M.SC. (N) 2ND YEAR
Obstetrical emergencies are life threatening medical conditions that occur in
pregnancy or during or after labor and
It is an abnormality of the cord that occurs when one or more blood vessels from the umblical
cord or placenta cross the cervix but it is not covered by Wharton’s jelly.
This condition can cause hypoxia to the baby due to pressure on the blood vessels.it is a life
It occurs in 1 in 2500 births.
These vessels may be from either
Velamentous insertion of umblical cord
placental lobe joined to the main disk of the placenta.
Previous delivery by C-section
Sudden onset of painless
vaginal bleeding, especially
in their second and third
The baby’s blood is a
darker red color due to the
naturally lower oxygen
levels of a fetus.
If very dark burgundy
blood is seen when the water
breaks, this may be an
indication of vasa previa
The classic triad of the vasa praevia is
antenatal sonography with color-flow Doppler reveals a
vessel crossing the membranes over the internal cervical os.
The diagnosis is usually confirmed after delivery on
examination of the placenta and fetal membranes.
o Baby can be delivered by C- section between the 35th and 37thweek of pregnancy
o Hospitalization throughout third trimester is also recommended .
o Steroids are sometimes used to mature the lungs of the fetus if fetus is immature.
AMNIOTIC FLUID EMBOLISM
This rare but catastrophic condition occurs when amniotic fluid enters the
maternal circulation by uterus and placental site. The presence of amniotic
maternal circulation trigger an
The body respond in 2 phases.
The initial phase is one of pulmonary vasospasm causing hypoxia, hypotension, pulmonary
edema and cardiovascular collapse.
The second phase sees the development of left ventricular failure, with hemorrhage and
coagulation disorders and further uncontrollable hemorrhage.
Ruptured uterine or cervical veins
A maternal age of 35 years or older
Caesarean or instrumental vaginal delivery
Cervical laceration or uterine rupture
Placenta previa or abruption
SIGNS AND SYMPTOMS
Sudden shortness of breath
Excess fluid in the lungs
Life-threatening problems with blood clotting (disseminated intravascular
Administer oxygen to maintain normal saturation. Intubate if necessary.
Initiate cardiopulmonary resuscitation (CPR) if the patient arrests. If she does not respond to
resuscitation, perform a cesarean delivery.
Treat hypotension with crystalloid and blood products.
Consider pulmonary artery catheterization in patients who are hemodynamically unstable.
Continuously monitor the fetus.
Shock is a critical condition and a life threatening medical emergency.
Shock results from acute, generalized, inadequate perfusion of tissues,
below that needed to deliver the oxygen and nutrients for normal
STAGES OF SHOCK
-- fall in BP and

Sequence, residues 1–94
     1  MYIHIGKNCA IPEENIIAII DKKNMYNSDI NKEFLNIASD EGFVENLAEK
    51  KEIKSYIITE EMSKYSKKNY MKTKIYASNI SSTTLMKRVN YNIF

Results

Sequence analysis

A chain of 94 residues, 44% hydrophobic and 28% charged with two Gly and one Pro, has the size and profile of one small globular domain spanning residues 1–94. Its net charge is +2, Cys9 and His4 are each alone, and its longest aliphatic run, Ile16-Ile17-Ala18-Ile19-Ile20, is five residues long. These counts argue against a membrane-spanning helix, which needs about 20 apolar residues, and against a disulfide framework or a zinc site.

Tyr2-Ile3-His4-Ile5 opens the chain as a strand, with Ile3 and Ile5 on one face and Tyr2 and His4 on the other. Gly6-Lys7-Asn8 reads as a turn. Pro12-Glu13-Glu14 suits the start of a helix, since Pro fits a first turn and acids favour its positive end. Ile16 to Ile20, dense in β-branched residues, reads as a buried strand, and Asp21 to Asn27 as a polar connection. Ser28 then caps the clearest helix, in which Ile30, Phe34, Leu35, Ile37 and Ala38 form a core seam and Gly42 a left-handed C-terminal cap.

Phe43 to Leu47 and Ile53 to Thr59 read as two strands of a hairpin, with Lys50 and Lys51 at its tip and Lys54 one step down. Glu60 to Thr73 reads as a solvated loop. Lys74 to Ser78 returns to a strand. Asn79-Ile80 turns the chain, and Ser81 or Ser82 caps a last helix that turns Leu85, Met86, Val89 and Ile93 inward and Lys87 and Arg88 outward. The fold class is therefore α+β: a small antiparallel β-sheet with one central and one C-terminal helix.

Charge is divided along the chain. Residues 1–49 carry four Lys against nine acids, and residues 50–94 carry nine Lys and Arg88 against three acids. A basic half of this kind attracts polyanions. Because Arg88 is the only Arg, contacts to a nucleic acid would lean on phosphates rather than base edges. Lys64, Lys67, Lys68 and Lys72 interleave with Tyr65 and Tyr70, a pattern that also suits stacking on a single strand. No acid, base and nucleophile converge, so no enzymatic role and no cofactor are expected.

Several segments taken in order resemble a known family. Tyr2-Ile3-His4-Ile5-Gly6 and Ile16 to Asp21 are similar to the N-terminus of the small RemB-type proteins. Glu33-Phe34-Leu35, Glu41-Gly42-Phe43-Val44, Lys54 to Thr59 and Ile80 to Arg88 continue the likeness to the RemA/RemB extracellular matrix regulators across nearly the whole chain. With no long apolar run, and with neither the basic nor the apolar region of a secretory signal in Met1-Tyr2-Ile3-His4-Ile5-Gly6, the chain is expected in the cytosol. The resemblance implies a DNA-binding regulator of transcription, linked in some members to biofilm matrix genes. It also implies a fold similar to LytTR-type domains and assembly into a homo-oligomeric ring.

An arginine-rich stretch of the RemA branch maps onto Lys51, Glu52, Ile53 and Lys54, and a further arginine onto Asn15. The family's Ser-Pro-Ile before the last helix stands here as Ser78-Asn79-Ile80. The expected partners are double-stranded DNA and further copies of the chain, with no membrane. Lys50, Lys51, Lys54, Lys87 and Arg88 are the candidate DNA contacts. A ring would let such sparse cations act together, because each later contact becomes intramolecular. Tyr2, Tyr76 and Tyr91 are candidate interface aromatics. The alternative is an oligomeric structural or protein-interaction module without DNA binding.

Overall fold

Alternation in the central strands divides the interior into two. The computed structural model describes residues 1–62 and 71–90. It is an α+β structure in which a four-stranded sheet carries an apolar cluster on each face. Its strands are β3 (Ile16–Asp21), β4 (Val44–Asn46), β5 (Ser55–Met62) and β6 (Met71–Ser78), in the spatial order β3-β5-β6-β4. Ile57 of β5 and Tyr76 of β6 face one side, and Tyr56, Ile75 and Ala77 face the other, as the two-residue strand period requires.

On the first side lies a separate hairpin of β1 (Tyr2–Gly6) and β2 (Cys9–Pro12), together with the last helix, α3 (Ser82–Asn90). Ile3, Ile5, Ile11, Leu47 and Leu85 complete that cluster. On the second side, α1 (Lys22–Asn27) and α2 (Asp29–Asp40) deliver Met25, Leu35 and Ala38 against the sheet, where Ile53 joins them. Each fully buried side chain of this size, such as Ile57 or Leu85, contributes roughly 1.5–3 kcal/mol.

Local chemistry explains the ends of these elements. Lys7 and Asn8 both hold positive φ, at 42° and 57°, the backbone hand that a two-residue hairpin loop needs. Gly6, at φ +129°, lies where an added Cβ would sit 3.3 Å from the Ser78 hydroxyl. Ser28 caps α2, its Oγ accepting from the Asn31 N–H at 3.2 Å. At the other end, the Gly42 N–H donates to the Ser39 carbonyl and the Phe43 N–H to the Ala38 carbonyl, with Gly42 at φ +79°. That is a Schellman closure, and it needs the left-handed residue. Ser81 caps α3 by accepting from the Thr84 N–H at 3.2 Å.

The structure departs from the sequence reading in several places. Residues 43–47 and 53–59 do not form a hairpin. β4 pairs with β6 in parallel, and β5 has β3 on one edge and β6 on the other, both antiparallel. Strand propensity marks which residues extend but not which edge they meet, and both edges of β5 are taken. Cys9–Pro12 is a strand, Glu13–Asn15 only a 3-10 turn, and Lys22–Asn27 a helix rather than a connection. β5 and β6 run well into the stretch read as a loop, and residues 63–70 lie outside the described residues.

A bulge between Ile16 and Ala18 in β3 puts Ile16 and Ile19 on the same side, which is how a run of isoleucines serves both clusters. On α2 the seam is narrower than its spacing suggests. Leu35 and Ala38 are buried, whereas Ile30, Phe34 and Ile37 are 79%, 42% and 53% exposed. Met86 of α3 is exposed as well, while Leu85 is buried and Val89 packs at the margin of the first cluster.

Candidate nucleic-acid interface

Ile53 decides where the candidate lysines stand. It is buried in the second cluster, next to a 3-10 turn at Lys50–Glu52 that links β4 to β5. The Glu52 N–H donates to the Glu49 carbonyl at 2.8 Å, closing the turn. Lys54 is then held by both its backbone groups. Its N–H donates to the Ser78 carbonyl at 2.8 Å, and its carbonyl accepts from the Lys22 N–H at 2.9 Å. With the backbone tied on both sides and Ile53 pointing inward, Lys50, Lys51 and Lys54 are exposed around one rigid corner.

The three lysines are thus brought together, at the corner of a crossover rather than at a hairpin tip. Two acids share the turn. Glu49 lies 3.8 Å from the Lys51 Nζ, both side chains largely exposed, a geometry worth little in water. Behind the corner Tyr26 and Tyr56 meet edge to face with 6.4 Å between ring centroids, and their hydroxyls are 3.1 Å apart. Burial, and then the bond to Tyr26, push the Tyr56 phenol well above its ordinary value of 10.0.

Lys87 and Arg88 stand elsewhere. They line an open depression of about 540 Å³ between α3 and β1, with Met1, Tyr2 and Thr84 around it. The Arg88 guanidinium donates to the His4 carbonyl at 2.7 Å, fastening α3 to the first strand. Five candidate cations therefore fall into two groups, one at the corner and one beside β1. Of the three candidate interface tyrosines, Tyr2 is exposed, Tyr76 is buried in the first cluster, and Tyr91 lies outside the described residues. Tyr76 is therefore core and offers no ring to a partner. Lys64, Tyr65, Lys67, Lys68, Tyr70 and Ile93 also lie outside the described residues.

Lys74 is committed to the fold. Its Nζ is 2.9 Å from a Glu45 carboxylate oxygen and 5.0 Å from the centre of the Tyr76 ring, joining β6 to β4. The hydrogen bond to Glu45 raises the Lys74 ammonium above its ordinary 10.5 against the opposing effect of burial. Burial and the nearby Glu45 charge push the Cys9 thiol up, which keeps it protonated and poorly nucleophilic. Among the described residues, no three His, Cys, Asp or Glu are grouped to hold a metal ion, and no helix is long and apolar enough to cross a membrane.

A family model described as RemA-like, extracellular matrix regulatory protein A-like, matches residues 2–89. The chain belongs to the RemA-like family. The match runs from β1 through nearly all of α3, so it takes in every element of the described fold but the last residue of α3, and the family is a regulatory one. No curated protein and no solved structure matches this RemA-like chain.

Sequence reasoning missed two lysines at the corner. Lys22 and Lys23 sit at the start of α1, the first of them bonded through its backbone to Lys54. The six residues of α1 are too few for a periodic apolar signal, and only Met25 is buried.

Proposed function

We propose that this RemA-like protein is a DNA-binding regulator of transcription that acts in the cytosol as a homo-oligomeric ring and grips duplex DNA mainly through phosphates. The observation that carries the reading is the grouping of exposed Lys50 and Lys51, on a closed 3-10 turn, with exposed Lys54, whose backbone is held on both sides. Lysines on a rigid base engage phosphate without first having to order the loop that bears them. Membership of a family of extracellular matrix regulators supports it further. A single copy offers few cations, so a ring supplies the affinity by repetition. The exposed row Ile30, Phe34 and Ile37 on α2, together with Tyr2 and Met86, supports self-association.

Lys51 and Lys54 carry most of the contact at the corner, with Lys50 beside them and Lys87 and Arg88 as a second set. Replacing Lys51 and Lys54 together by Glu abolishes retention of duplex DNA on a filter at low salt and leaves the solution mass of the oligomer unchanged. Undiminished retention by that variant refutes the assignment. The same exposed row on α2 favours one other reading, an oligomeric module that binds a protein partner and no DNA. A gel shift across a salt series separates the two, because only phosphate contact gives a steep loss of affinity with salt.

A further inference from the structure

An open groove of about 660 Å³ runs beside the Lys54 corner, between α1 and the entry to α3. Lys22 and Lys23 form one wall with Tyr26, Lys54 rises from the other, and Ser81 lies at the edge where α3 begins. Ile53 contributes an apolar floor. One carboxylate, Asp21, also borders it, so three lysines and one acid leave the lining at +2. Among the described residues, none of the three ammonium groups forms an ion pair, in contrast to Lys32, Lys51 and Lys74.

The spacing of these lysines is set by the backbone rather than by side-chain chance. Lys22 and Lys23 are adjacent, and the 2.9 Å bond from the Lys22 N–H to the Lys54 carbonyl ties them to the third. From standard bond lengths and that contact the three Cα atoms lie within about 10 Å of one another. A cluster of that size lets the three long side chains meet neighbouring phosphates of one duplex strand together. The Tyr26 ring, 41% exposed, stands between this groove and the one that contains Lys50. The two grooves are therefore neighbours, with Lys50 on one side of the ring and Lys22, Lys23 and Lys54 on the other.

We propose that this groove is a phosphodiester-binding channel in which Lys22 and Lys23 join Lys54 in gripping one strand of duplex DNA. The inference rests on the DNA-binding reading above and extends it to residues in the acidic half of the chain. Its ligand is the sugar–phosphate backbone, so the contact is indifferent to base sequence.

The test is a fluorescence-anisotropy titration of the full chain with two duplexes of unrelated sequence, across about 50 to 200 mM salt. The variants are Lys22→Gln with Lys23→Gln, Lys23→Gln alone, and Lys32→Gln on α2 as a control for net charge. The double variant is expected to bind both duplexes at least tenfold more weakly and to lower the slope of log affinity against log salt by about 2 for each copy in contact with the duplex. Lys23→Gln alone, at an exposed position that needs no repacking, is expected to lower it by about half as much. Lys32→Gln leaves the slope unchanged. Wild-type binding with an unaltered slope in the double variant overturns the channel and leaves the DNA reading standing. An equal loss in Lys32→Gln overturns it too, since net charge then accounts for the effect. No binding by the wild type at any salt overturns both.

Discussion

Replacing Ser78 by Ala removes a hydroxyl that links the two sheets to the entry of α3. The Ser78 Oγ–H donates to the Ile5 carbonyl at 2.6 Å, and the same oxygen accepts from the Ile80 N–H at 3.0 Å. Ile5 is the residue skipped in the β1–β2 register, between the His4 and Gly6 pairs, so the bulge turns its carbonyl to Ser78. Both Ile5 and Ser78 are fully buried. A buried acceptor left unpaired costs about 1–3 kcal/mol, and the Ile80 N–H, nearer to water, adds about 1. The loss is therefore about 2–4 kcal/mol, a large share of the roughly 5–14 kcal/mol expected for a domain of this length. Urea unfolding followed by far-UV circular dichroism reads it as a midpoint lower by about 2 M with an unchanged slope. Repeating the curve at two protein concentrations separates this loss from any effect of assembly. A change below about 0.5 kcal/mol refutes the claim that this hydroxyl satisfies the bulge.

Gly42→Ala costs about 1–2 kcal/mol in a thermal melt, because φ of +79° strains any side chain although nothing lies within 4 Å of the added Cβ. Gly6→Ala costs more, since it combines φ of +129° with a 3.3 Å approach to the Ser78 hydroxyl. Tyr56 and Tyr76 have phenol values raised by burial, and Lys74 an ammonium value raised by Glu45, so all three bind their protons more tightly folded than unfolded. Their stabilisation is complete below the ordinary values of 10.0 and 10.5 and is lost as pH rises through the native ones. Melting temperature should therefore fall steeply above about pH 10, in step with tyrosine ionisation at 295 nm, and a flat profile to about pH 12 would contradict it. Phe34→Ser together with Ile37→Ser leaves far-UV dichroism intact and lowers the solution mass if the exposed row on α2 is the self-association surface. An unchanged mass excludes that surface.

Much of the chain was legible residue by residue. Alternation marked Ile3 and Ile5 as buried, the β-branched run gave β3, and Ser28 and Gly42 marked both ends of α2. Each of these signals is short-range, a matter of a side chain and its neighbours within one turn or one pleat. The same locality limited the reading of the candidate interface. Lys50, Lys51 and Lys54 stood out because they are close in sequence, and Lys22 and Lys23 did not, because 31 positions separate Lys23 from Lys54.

cardiac output is
acting but tissue
perfusion is reduced.
Vital organ (cerebral,
in perfusion leads to
cellular death &
Active management of shock should start as soon as it is suspected
An Airway--Patent airway is assured and high pressure oxygen (15 l/min) using mask/intra tracheal intubation and anesthesia machine.
B Breathing--Ventilation checked and supported if needed.
1. Insert two wide bore cannulas
2. Restore blood volume and reverse hypotension with crystalloids/colloids.
3. Initial request for 4-6 units of blood should be sent. O Rh negative blood may be transfused.
Monitor the response to therapy - Pulse, BP, SPO2, urine output & its ph.
Position of patient - Head down and left lateral tilt to avoid aortocaval compression which may
further worsen the hypotension.
Uterine inversion is a potentially fatal childbirth complication with a maternal survival rate
of about 85%.
It occurs when the placenta fails to detach from the uterus as it exits, pulls on the inside
surface, and turns the organ inside out.
The exact cause of uterus inversion is unclear.
The most likely cause is strong traction on the umbilical
cord, particularly when the placenta is in a fundal location,
during the third stage of labor.
GRADES OF INVERSION
INVERSION - the top
of the uterus (fundus)
has collapsed, but the
uterus hasn’t come
through the cervix.
INVERSION - the
uterus is inside-out and
coming out through the
INVERSION - the fundus
of the uterus is coming out
of the vagina.
TOTAL INVERSION -
both the uterus and vagina
protrude inside-out (this
occurs more commonly in
cases of cancer than
Prompt diagnosis is crucial and possibly lifesaving. Some of the signs of uterine inversion could include:
The uterus protrudes from the vagina.
The fundus doesn’t seem to be in its proper position when the doctor palpates (feels) the mother’s abdomen.
The mother experiences greater than normal blood loss.
The mother’s blood pressure drops (hypotension).
The mother shows signs of shock (blood loss).
Scans (such as ultrasound or MRI) may be used in some cases to confirm the diagnosis.
Treatment options vary, depending on the individual circumstances and the preferences of the hospital staff, but could include:
Attempts to reinsert the uterus by hand.
Administration of drugs to soften the uterus during reinsertion.
Flushing the vagina with saline solution so that the water pressure ‘inflates’ the uterus and props it back into position (hydrostatic correction).
Manual reinsertion of the uterus while the woman is under general anaesthetic.
Abdominal surgery to reposition the uterus if all other attempts to reinsert it have failed.
Antibiotics to reduce the risk of infection.
Intravenous administration of oxytocin to trigger contractions and stop the uterus from inverting again.
Emergency hysterectomy (surgical removal of the uterus) in extreme cases where the risk of maternal death is high.
Close monitoring in intensive care for a few days, if necessary.